Posted by: Patricia Salkin | May 24, 2008

Summer Reading List – A Better Way to Zone: Ten Principles to Create More Livable Communities

Planner Donald Elliott has written a new book – A Better Way to Zone: Ten Principles to Create More Livable Communities, full of proposed solutions to building livable American cities. Elliott explains how antiquated zoning laws have partly led to the woes of the housing market and the top-down approach to municipal growth. He states, “The changing structure of the American economy is making it more difficult for many citizens to afford housing, and zoning often compounds the problem of providing attainable housing through regulatory barriers or rigid definitions of permissible lots and housing types.” Elliott also asserts that in general, zoning laws are more complex than they need to be; zoning laws actually prevent many types of development that municipalities might like to approve; zoning does not often adjust to changed circumstances; and that the current zoning system reflects and encourages poor systems of municipal governance.


Following a brief introduction to the history of zoning, Elliott exposes failed assumptions in traditional Euclidean zoning. In addition to explaining how one size does not fit all, Elliott notes how early beliefs that variances would be rare proved untrue, as did the belief that nonconforming uses would naturally terminate within a reasonable period of time. He explains through examples how the notions of traditional Euclidean zoning no longer work.


 After identifying a set of new land use drivers, in Chapter Seven, Elliott gets to the heart of his agenda – devising a better way to zone. Among the ten principles to improve zoning, Elliott advocates for: more flexible uses; what he terms the mixed-use middle; attainable housing; mature area standards; living with nonconformities; dynamic development standards; negotiated large developments; depoliticized final approvals; better webbing; and scheduled maintenance.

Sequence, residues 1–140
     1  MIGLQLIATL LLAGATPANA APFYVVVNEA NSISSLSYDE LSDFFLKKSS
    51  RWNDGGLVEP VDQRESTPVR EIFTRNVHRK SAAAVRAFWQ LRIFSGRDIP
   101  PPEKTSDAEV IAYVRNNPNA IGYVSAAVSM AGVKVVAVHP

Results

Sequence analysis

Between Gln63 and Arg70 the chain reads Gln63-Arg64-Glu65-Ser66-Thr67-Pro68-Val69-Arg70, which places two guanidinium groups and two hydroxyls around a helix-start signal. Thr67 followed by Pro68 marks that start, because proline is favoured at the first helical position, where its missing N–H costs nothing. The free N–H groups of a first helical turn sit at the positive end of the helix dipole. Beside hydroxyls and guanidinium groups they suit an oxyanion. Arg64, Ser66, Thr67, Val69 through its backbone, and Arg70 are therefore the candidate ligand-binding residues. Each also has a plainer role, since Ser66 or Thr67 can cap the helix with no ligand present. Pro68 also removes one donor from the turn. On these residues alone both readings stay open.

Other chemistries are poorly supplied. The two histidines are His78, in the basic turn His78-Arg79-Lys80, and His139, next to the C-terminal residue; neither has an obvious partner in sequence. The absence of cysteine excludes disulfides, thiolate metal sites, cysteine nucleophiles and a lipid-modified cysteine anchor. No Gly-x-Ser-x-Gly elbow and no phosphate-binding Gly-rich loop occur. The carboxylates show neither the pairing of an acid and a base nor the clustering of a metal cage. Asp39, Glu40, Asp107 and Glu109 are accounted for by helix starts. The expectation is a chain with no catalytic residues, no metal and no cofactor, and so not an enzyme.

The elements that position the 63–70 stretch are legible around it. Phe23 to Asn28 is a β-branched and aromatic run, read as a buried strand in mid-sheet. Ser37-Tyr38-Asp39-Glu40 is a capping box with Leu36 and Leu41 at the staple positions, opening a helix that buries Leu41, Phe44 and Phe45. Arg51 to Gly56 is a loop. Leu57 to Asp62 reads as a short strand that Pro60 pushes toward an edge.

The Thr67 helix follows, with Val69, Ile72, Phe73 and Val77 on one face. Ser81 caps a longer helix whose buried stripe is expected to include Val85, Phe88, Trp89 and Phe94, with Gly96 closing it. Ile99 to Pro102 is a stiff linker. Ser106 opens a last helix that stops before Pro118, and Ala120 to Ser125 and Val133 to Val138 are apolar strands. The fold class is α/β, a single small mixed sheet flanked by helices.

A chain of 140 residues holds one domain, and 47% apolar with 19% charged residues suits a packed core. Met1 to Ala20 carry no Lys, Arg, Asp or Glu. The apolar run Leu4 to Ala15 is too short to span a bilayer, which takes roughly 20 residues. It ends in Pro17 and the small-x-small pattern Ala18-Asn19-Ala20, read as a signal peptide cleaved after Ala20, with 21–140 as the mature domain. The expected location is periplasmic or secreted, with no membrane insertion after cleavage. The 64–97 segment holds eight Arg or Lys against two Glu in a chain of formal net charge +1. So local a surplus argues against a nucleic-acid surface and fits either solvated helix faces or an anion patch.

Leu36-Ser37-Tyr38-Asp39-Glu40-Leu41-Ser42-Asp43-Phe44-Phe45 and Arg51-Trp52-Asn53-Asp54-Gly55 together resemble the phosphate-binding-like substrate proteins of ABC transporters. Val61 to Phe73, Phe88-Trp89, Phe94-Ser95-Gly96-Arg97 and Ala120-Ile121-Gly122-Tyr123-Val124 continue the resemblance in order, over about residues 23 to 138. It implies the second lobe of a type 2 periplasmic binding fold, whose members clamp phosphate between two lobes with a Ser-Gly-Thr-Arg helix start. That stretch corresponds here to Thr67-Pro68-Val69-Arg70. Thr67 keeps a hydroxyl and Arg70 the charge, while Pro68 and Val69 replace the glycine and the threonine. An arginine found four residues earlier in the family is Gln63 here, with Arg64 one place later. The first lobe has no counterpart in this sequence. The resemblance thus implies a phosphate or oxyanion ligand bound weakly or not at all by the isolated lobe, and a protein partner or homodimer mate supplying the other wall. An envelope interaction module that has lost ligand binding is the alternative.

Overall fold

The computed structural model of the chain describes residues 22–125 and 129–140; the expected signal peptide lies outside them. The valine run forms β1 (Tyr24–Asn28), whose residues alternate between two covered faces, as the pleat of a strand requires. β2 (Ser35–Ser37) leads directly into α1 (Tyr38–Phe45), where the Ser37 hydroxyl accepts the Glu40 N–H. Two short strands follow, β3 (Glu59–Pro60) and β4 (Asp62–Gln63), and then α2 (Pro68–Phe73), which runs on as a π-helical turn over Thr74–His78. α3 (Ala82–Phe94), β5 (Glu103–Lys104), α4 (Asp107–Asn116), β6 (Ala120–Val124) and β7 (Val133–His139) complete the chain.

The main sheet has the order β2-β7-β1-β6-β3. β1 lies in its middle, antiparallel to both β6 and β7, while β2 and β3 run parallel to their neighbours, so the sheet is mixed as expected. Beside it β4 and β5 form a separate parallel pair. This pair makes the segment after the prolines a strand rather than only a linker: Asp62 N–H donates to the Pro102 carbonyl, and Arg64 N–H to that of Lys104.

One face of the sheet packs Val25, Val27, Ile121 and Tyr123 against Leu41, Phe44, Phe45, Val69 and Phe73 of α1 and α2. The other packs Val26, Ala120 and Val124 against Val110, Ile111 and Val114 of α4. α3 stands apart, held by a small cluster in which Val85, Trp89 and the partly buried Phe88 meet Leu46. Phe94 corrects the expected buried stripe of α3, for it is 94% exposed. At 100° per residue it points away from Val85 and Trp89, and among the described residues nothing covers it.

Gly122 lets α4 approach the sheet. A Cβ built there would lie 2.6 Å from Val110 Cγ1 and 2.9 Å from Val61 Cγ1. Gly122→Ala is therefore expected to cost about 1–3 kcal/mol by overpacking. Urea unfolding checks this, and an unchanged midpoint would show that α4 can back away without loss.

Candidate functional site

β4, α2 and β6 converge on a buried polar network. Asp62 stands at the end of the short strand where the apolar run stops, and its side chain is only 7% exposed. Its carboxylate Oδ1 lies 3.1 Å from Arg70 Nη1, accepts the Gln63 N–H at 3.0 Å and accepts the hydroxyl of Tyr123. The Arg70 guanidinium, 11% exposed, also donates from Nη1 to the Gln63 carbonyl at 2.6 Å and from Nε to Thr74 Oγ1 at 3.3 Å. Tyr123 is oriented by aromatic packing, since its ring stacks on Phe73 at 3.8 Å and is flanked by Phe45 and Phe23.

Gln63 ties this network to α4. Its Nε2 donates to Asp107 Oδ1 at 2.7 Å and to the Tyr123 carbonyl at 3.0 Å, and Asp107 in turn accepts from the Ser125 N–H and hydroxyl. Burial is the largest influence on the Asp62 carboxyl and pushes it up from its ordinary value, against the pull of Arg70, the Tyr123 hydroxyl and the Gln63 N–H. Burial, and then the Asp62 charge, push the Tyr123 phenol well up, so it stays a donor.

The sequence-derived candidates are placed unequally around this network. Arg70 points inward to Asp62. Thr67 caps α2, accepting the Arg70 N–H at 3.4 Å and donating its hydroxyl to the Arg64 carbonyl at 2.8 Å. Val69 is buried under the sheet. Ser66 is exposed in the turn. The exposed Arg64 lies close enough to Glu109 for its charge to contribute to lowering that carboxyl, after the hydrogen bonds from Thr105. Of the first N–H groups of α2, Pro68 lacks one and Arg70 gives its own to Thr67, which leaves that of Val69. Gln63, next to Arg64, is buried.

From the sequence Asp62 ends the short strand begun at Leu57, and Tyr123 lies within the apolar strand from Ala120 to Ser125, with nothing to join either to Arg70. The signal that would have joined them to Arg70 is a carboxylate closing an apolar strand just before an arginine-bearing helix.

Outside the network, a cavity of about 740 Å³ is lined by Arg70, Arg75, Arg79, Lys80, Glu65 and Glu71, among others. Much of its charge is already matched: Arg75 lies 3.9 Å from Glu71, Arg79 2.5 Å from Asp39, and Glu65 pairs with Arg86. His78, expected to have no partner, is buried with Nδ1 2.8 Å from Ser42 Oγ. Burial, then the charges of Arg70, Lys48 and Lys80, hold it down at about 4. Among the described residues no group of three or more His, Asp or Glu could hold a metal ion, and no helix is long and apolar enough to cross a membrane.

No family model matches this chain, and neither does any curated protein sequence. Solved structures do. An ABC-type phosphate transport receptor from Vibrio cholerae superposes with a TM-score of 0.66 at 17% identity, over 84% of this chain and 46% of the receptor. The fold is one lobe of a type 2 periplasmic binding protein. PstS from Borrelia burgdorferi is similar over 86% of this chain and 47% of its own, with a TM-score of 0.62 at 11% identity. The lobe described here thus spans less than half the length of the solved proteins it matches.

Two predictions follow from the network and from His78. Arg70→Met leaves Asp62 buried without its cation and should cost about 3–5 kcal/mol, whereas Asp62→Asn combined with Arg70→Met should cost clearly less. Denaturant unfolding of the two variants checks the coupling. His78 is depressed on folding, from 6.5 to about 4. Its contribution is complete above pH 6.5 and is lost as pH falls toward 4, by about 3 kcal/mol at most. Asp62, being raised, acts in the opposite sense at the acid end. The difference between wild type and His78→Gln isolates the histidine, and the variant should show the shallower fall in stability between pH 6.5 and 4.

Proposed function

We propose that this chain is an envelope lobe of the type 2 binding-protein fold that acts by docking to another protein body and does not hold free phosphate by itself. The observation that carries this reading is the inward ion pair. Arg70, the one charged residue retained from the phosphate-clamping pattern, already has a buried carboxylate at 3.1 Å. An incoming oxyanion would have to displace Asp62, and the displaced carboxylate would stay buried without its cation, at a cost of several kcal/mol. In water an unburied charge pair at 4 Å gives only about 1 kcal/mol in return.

He also offers a five-step plan for zoning reform that includes the consideration of zoning as a process. In order to have land use regulations that govern well, Elliott explains that principles of effectiveness, responsiveness, equity, efficiency, understandability and predictable flexibility are both essential and possible to achieve. To get started, Elliott suggests local governments undertake an audit to indentify specifics, and then he offers a roadmap of strategies designed to “fix” the traditional system.   



A Better Way to Zone is a valuable resource for land use planners, developers, zoning lawyers, and community stakeholders interested in understanding the current zoning practice.  It is presented in an inviting and readable format, and is a perfect addition to the summer reading list. 



The book was published by Island Press in March 2008 and is available at:

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